Wednesday, June 21, 2006

A Lesson In Grace


I must say, I've known the insult "spoiled" in a very personal way. For a long time (and it hasn't stopped just because I'm 23 years old), my sisters have seen the help I receive from my grandpa - be that financial, moral, or logical - and have responded, almost always, in the same way:

"You are so spoiled, Jason."

I was always angered when I heard it, and that just fed into the well-known stereotype of the youngest in any family: "First he's spoiled, then he throws a tantrum. All he wants is attention."

But I appreciated - and still do - the help from my grandfather, and although I never thought I deserved it, I accepted it without question. Maybe that's the reason my sisters still drop that accusing word in my presence. (Lord knows I provide enough of a reaction that it makes sense for them to say it, even if the situation hardly calls for it.) I never turned down help, which goes against the West Texas grain by which we were all raised. Make it on your own, we were told. Don't put anybody out. Don't be a burden. Stand alone.

Good advice in certain circumstances, sure. But on the whole it stinks of the overwhelming need in America to 'go it alone' and achieve some super-independence from the rest of the human community. I never got that. I was - and still am - a "Momma's boy", and whenever I received help, I took it. Of course, I still had an incurable urge to pay them back, and I still - subconsciously - keep miniscule tabs on favors done and favors received.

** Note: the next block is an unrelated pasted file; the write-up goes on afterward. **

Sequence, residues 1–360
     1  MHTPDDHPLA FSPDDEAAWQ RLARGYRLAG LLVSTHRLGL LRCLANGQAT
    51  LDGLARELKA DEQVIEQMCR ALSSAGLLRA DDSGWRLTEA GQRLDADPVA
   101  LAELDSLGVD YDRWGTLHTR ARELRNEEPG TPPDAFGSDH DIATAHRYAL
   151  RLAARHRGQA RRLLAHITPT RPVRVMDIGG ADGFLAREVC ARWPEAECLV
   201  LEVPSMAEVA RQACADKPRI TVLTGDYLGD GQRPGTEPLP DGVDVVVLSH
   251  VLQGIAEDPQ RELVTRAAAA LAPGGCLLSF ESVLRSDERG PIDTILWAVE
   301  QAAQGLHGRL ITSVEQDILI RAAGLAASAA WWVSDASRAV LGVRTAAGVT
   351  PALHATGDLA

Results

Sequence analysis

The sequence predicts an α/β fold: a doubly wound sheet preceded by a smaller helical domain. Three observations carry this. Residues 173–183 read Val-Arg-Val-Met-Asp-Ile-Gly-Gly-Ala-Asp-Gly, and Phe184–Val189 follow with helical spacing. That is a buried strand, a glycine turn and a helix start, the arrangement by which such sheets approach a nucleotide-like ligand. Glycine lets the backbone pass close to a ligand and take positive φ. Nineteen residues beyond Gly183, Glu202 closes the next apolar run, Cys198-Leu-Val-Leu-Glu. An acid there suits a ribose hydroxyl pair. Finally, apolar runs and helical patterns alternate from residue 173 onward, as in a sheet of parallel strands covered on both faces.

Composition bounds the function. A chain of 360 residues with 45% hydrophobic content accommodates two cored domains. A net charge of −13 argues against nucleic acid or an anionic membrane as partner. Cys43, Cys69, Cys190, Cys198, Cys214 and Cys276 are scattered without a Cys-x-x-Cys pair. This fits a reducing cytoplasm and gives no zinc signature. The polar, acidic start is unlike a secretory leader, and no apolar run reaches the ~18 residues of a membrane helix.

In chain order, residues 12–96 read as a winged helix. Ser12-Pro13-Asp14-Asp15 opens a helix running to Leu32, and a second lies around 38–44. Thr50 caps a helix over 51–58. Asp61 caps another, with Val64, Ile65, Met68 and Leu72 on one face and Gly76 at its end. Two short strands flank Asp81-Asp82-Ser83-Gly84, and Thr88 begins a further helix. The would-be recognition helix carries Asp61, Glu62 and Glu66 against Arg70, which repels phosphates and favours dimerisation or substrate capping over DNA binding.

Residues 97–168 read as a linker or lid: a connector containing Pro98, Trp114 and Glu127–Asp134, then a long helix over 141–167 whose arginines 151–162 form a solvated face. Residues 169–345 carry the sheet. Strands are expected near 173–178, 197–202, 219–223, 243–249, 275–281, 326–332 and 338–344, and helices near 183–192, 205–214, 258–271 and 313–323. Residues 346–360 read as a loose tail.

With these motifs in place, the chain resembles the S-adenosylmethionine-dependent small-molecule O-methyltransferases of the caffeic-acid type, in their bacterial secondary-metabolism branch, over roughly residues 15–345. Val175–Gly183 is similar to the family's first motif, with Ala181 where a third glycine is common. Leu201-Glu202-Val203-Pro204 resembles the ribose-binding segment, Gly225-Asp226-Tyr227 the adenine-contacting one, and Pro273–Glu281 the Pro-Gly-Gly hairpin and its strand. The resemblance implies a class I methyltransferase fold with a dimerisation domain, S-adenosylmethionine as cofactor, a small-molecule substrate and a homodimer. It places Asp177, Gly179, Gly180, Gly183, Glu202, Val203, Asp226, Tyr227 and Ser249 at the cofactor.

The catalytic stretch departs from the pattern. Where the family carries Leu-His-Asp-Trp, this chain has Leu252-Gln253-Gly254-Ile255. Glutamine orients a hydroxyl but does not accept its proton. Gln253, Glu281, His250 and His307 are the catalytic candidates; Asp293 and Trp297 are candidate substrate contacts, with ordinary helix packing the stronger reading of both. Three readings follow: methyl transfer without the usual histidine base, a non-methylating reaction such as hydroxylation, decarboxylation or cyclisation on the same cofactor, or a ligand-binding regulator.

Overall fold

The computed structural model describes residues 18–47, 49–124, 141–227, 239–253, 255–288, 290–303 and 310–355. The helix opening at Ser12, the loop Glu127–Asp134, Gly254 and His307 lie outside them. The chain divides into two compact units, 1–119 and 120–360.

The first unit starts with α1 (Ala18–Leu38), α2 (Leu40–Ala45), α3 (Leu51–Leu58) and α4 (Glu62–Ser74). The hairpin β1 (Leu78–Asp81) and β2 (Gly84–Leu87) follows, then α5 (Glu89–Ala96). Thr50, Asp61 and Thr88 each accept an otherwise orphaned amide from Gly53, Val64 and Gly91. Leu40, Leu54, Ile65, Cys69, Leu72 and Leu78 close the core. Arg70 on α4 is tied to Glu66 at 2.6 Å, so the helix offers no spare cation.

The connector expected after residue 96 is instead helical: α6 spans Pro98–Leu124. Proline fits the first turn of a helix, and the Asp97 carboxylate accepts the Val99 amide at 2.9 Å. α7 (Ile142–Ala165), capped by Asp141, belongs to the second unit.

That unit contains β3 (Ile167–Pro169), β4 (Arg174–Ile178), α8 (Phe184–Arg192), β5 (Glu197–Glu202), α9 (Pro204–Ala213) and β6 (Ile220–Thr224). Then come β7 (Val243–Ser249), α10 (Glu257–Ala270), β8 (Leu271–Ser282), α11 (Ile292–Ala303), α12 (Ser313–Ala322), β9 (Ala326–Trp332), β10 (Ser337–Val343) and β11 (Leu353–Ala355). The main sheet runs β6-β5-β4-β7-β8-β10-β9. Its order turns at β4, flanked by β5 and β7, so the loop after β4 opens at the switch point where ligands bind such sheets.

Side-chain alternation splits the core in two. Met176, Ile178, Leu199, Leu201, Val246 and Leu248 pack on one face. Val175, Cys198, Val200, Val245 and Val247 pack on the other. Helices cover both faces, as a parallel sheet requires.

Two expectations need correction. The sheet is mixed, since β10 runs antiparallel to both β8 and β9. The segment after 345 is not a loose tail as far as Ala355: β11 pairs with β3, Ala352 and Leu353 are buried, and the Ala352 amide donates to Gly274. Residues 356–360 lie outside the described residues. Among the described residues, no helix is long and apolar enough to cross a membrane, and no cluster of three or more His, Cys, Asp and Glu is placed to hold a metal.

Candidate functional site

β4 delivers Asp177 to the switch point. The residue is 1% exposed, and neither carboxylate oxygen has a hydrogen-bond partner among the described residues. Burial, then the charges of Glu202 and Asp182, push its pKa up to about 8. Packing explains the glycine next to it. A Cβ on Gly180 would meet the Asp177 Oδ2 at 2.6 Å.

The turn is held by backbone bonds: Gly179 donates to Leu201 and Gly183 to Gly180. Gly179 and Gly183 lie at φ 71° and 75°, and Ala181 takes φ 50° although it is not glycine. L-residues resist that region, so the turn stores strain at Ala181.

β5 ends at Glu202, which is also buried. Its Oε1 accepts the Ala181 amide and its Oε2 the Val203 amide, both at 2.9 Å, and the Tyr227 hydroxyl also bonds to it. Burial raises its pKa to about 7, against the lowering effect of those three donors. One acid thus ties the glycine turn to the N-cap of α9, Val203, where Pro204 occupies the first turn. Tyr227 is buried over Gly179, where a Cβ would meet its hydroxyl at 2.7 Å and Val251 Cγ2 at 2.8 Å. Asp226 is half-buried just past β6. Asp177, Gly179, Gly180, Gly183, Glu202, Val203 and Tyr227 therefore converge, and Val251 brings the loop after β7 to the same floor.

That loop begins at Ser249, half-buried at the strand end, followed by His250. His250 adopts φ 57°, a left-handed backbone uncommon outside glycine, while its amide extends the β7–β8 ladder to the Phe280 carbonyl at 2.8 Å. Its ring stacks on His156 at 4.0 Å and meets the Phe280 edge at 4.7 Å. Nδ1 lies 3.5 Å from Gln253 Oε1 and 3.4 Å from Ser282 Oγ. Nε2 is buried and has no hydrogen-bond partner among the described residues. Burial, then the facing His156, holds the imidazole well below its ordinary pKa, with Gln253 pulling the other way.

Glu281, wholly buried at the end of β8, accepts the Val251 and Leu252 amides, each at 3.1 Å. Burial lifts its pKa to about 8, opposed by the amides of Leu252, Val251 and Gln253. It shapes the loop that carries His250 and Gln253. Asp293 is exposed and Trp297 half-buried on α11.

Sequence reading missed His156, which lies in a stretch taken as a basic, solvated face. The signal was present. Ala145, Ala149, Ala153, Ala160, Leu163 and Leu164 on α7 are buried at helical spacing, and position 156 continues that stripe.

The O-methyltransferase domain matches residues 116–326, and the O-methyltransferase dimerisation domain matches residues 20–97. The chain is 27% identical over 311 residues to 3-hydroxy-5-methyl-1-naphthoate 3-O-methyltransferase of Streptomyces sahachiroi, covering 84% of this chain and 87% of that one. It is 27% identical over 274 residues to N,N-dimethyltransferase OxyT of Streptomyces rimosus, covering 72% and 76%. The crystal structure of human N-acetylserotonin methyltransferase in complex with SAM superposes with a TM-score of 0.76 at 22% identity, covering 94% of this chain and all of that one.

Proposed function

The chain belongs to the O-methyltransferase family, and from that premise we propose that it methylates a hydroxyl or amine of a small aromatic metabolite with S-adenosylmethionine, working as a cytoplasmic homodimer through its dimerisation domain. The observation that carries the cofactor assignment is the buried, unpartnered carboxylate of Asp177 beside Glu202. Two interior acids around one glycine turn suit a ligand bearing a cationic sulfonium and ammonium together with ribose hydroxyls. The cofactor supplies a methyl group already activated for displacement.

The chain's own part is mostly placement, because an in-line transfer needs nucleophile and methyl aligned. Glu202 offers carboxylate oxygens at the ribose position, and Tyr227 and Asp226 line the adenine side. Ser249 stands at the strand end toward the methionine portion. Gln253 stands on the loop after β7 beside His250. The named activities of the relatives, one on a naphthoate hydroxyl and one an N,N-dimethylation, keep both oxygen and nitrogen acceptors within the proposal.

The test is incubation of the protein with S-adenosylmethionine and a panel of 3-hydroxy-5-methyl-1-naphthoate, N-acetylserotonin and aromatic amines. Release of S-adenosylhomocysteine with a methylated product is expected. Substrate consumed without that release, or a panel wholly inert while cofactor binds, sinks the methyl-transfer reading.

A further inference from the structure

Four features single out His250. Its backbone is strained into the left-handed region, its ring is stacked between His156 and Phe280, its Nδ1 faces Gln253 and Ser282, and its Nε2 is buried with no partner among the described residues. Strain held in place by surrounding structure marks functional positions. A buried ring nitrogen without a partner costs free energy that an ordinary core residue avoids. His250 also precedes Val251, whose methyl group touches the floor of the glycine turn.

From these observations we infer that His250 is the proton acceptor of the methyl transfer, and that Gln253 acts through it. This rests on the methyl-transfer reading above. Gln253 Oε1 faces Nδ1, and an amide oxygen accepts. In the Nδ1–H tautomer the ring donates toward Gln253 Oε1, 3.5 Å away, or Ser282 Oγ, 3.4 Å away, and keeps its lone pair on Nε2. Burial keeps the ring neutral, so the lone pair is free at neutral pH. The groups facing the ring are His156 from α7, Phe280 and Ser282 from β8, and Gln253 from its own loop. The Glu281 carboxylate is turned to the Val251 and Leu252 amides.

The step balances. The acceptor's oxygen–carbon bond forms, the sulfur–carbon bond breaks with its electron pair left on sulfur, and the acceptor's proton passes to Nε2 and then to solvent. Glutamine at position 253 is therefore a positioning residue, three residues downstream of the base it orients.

But that's the crazy thing about grace. It is given to us, no strings attached, and the hardest thing we have to do is accept it. Nothing is needed in return. We are loved simply because we are. What a wonderful thing it is to be loved! Surely we don't need to 'pay someone back' for loving us. It's so grace-filled of an action that it's against our nature to understand it.

Yesterday, I was informed by the co-chair of the organization for which I work, Jeannine Janson, that she wanted to purchase a new laptop for my coming excursions in the world of graduate school. My jaw dropped. I cannot POSSIBLY accept this, can I? How can...what...there's no way that....oh, man.

But that's the crazy thing - as much as I feel I don't deserve this uncontainable kindness that IS Jeannine, it is so exciting and liberating to just say YES. Can I ever repay her? No. But that's not the point. To look to repay is to look in the wrong place. Can I ever rejoice enough? No, but I will definitely try.

Am I spoiled? I think I'm just open to receiving grace in this imperfect world. I wait for the time when I am in the position to give someone a gift like the one I have been given. I wait for the moments in life when I experience grace so wonderfully as in the limitless generosity of my friend Jeannine.

Thank you. That's really all you have to say. It's not being spoiled; it's being loved.

Grace be upon us all!

4 Comments:

At 1:03 PM , Blogger Meow said...

It's a beautiful gift to be able to accept love from others. People want to give, and they want their gifts to be openly received.

Saying yes doesn't make you any less thankful. Knowing you have the ability to say yes also doesn't make you expectant of receiving gifts. There's a big difference between thinking the world owes you something and knowing that if it gives you something you'll be happy about it.

Way to go on the laptop.

 
At 3:16 PM , Blogger Jason said...

Good call roomie. Good call, indeed.

 
At 10:49 PM , Anonymous Katie said...

Jason Chesnut, sometimes your words make my day.

 
At 3:57 PM , Anonymous Luke Leverett said...

You know, Jason, I've been thinking about this a lot lately. Grace is so hard to accept, isn't it? It's because of our pride. We don't want to admit that we need help. We'd like to think that we're pretty self-sufficient, we can pay our own way. But, according to scripture, grace is for the humble. When we're too prideful to accept a free gift, from God or anyone, we miss out on the blessing.

 

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